2) Expanding Opportunities for Students to Prepare for Livable Wage Jobs: Bank of America will announce a $50 million pledge to education over the next 3 years, launching this goal through $4.5 million in grants. The investment will support programs that bridge the achievement gap to post-secondary education completion and connect the underserved and unemployed, as well as returning veterans, and individuals with disabilities, to workforce success in high-growth sectors, in particular through community colleges.  Recognizing the need for knowledgeable and skilled workers to compete in the global economy, Bank of America is investing in education as part of its comprehensive lending, investing and volunteer activities aimed at strengthening the economic and social health of communities.

3) Research and Development for Next Generation Learning Models and Resources for Students and Teachers: Building on its history of commitment to education and recent $25 million STEM Scholarship grant program in Washington State, Microsoft Education is announcing a new $15M investment in research and development for immersive learning technologies including game based instruction and the creation of a lifelong learning digital archive. Through the creation of these innovative solutions, the disengaged can become passionate problem solvers and the struggling student can be offered other pathways to success.  Rooted in this investment is the understanding that technical innovation alone will not help. Therefore, over the next 3 years, Microsoft is committing to train over 150 thousand educators and leaders and provide access to professional learning communities and training to every teacher in the United States through the new Partners in Learning Network.

4) Supporting a Statewide Focus on Education System Redesign: In the past four years, the Nike School Innovation Fund(NSIF) has provided $7 million in innovation grants and thousands of volunteer hours by senior Nike leaders and other employees to support students, teachers and principals in three Oregon public school districts. The Fund is announcing a new commitment as a primary partner of Oregon Governor John Kitzhaber and his initiative to help make the state’s entire education system more nimble, innovative and supportive of the key grades of 9 to 12. With this news, Nike’s commitment to strengthening education in Oregon totals $10 million. The NSIF will now provide a year of funding, expertise and policy guidance that is expected to serve as a model for the Governor’s larger statewide education transformation plan.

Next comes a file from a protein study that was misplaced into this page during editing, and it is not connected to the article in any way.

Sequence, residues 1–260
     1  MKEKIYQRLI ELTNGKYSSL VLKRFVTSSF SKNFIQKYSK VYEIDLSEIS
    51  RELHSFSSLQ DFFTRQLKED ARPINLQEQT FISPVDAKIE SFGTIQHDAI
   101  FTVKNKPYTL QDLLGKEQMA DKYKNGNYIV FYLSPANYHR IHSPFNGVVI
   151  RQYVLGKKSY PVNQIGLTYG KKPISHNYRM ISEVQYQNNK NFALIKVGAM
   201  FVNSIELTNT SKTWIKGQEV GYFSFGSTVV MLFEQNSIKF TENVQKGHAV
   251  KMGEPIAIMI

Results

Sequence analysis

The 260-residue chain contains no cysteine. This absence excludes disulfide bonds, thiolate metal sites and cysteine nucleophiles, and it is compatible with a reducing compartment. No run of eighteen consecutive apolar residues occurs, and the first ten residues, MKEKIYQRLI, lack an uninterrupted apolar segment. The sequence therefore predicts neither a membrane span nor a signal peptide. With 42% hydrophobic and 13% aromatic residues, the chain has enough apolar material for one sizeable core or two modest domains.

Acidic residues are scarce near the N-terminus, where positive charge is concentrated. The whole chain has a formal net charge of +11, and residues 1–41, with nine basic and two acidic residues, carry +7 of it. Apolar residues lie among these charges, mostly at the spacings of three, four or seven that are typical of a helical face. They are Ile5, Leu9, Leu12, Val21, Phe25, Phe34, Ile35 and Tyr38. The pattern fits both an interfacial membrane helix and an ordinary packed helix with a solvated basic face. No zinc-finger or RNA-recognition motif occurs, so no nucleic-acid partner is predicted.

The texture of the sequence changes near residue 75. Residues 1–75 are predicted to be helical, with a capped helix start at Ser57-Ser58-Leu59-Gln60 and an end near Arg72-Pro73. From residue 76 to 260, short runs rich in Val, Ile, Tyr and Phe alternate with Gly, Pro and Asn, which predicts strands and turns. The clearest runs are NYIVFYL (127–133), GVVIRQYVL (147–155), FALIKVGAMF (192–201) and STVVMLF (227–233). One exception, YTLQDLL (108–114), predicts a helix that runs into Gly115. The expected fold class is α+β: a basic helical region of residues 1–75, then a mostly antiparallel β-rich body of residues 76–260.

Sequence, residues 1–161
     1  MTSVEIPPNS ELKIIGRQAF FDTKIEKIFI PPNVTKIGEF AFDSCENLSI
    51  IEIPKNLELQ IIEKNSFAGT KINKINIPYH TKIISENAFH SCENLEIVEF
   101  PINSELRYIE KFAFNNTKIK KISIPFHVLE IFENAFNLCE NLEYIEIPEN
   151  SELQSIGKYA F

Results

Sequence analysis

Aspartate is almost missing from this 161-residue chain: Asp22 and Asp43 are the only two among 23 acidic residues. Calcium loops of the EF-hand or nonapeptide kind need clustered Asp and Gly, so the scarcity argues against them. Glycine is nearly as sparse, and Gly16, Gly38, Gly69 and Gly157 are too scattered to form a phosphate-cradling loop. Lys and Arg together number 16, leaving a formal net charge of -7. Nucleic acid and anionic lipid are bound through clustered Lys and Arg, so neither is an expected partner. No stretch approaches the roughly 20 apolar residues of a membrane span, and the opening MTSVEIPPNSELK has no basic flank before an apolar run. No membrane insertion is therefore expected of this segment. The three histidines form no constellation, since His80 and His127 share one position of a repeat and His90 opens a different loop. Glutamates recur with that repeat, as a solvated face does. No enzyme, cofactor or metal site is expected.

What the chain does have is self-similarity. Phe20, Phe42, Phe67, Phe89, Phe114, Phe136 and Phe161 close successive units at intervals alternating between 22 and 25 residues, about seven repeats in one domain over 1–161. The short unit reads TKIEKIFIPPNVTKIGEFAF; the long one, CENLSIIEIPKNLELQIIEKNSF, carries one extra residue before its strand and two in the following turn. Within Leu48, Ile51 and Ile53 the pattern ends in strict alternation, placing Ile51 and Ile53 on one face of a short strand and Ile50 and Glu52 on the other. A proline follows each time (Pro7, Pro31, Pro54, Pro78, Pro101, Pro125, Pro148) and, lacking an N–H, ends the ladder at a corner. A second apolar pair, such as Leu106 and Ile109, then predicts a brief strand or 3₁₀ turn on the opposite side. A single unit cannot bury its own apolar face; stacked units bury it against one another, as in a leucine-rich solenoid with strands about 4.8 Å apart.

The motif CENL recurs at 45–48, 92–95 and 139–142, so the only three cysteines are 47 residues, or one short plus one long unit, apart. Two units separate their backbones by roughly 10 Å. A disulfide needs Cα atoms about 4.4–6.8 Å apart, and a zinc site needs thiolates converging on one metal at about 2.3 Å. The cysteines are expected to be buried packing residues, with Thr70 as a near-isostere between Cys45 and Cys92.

The President is dedicated to keeping America’s workforce competitive, an achievement that can only be reached through addressing the pressing needs of American education. This week’s education roundtable is a clear example of the President’s dedication, and these new commitments are evidence that America’s business leaders share his concern and his belief that change is possible.

Math Teachers: The Nation Builders of the 21st Century

“It doesn’t matter what the academic subject is – or the age of the student. From the moment students enter a school, the most important factor in their success is the teacher,” said Secretary Duncan earlier today at the annual meeting of the National Council of Teachers of Mathematics in Indianapolis, Indiana.

In the speech, the Secretary once again pointed to South Korea and Singapore, two countries that revere teachers as “nation builders.”

“In those countries, everyone understands that teachers are preparing the leaders and workers who will ensure the country’s long-term economic prosperity. In America, our teachers aren’t treated like the nation builders that they are.”

Math, as part of well-rounded education, will be key to America’s success in the 21st century. Students who have completed Algebra II in high school are twice as likely to earn a degree as those who didn’t. Secretary Duncan noted that Algebra provides a foundation of using logic to solve problems and to make connections between multiple pieces of information.

Young students learning multiplication tables today will be this country’s future mechanics, engineers, doctors and nurses. The Secretary explained to the math teachers at the meeting that whatever today’s students do 30 years from now: